Dwight Howard shoots NBA-record 39 free throws
OAKLAND, Calif. – Al Attles’ favorite memory of Wilt Chamberlain is the most obvious: The legendary 100-point game Chamberlain produced for the Philadelphia Warriors against the New York Knicks on March 2, 1962. But Attles also remembers being on hand just days earlier when Chamberlain – his former teammate – set an NBA record with 34 free-throw attempts on Feb. 22, 1962.
Attles never expected either record to be broken in his lifetime. But there he was Thursday night, watching at Oracle Arena as Dwight Howard stepped to the foul line time and again in the Orlando Magic’s 117-109 victory over the Golden State Warriors. When Howard was done, he had taken an astounding 39 free throws, smashing Chamberlain’s 50-year-old regular-season record.
“I knew he was shooting a lot of free throws,” said Attles, who now works as an ambassador for the Warriors. “But I didn’t know he had that many.”
Howard entered Thursday as the NBA’s worst free-throw shooter this season, making just 42.6 percent of his attempts. First-year Warriors coach Mark Jackson figured the odds were in his favor, so he had his players intentionally foul Howard – Hack-A-Howard – early in the first half and throughout the rest of the game. Howard made 21 of his 39 attempts – 53.8 percent – and finshed with 45 points and 23 rebounds. It was the first time an NBA player had at least 40 points and 20 rebounds in a game since former Los Angeles Lakers center Shaquille O’Neal totaled 48 points and 20 boards against the Boston Celtics on March 1, 2003.
Howard, 26, said he was humbled to break Chamberlain’s record. He has idolized Chamberlain even though he never met the Hall of Fame center before his death in 1999. Howard said he watched several of Chamberlain’s games on NBA TV during the lockout and also read a couple of his books.
“He was dominant by basically doing everything on the court,” Howard said. “He passed the ball, he ran the floor, he blocked shots. He was a great person off the court. He dominated the game.”
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Several Magic players snickered in the locker room afterward about Jackson’s decision to continuously foul Howard. Jason Richardson called it a “bad strategy.” Jackson said he had his players hack the 6-foot-11 All-Star because Howard is a poor foul shooter and the Warriors are undersized after losing center Kwame Brown for three months to a pectoral muscle tear. Jackson also wanted to limit the shots the Magic’s many 3-point shooters received.
Howard made half of his 18 free throws in the first two quarters as the Warriors held a 57-53 lead. Jackson continued to have his players foul Howard in the second half. Howard surpassed Chamberlain’s record with 3:56 left in the fourth quarter to give Orlando a 104-101 lead. Howard said the Warriors’ attempts at “slowing the game down” by fouling him helped the Magic rally after trailing by as many as 13 points.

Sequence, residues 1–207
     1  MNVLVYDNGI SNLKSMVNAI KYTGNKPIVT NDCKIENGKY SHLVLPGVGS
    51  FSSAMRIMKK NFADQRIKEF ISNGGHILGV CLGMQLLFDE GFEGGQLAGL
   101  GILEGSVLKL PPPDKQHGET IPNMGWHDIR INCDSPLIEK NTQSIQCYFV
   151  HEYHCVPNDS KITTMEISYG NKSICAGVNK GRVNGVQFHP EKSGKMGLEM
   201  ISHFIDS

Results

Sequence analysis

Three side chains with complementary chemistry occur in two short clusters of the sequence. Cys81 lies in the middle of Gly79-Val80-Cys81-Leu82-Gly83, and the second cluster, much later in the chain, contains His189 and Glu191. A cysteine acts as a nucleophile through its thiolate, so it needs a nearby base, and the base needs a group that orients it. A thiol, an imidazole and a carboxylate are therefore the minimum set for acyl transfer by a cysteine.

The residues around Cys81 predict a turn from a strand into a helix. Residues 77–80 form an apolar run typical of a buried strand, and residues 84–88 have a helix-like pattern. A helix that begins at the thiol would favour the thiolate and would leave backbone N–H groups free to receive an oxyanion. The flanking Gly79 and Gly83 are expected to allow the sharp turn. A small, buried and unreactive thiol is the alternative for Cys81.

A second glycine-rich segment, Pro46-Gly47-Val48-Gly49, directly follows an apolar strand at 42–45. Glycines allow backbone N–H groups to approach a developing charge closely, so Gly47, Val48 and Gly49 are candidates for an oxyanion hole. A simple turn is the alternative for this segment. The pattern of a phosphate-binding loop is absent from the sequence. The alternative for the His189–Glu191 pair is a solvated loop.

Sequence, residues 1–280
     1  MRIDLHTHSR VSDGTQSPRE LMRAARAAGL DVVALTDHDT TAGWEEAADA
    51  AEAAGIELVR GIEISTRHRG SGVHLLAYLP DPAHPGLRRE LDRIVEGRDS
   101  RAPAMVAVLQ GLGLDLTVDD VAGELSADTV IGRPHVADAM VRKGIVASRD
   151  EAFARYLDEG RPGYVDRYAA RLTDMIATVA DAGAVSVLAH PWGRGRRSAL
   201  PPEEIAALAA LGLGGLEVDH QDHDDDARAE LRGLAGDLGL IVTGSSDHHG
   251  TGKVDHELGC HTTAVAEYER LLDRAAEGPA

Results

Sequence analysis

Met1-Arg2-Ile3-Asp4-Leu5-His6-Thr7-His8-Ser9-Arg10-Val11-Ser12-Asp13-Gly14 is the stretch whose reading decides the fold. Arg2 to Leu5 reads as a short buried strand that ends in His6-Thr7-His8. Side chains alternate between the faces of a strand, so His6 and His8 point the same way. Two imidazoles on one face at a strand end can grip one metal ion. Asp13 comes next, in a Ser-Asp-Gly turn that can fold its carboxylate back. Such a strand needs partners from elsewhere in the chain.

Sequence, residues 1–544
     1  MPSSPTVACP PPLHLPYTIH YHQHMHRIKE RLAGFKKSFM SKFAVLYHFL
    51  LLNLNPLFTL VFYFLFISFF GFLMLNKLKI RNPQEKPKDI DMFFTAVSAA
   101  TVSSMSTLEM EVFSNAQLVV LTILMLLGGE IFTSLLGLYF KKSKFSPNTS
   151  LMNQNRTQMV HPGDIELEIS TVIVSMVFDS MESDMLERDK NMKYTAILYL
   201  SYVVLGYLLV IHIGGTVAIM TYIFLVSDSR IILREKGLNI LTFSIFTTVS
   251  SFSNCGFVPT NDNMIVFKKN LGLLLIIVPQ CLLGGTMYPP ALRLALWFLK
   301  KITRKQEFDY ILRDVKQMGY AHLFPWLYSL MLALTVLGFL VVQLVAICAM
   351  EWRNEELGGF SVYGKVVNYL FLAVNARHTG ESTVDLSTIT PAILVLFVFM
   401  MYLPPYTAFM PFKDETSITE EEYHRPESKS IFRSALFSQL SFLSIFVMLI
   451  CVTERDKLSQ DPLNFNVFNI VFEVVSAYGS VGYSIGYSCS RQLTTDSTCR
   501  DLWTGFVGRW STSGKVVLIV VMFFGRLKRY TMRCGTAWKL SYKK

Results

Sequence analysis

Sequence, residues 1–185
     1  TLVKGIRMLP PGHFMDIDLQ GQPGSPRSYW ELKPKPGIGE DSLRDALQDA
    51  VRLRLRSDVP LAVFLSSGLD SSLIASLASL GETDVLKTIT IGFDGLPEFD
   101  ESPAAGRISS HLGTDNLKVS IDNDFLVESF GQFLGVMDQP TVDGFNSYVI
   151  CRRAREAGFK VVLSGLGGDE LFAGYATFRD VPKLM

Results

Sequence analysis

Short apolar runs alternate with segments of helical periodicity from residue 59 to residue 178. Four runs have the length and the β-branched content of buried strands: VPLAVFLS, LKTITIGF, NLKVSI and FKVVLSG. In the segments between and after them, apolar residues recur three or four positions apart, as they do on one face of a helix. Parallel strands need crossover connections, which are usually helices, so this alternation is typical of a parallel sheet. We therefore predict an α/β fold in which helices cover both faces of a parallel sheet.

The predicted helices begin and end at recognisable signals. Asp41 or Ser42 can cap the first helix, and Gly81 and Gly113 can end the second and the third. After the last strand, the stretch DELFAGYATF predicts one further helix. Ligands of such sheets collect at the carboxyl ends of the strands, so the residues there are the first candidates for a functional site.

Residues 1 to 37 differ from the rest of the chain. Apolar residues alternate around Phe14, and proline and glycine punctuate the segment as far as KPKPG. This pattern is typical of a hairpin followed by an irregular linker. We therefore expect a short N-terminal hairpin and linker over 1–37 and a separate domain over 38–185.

“He’s a great player and a bad free-throw shooter,” said Jackson, whose team would like to trade for Howard. “To give ourselves the best chance possible, we tried to mess up their rhythm and take the 3-point shooters away – which we did. But they made plays.”
Magic head coach Stan Van Gundy scoffed at his assistants when they suggested the team should diversify its offense beyond throwing the ball to Howard in the post.
“I’m looking at them like, ‘We’re not going to run a play. He’s going to foul him,’ ” Van Gundy said. “What are we going to bother with diagramming a play? Make the free throw, play some defense.”
The Warriors had 36 personal fouls, including six apiece from center Andris Biedrins and power forward David Lee and five from forward Ekpe Udoh. Howard said he told Jackson he was going to foul out all of the Warriors’ big men. Jackson, a former point guard in the league, told Howard he’d suit up, too, if he could.
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“I just wanted to win the game,” Howard said. “I just tried to be aggressive and get to the line. I didn’t care if I missed 30. I was going to shoot the next one that came.”
Like Howard, Chamberlain also was a poor free-throw shooter, making just 51.1 percent of his attempts during his career. Attles said Chamberlain often changed his form.
“He just tried everything he possibly could, but some nights it just didn’t go in,” Attles said. “He’d get frustrated and, of course, teams would foul him.
“He tried every way: underhand, overhand, two hands, one hand, one side of the line, the other side of the lane – even the back of the 3-point line.”
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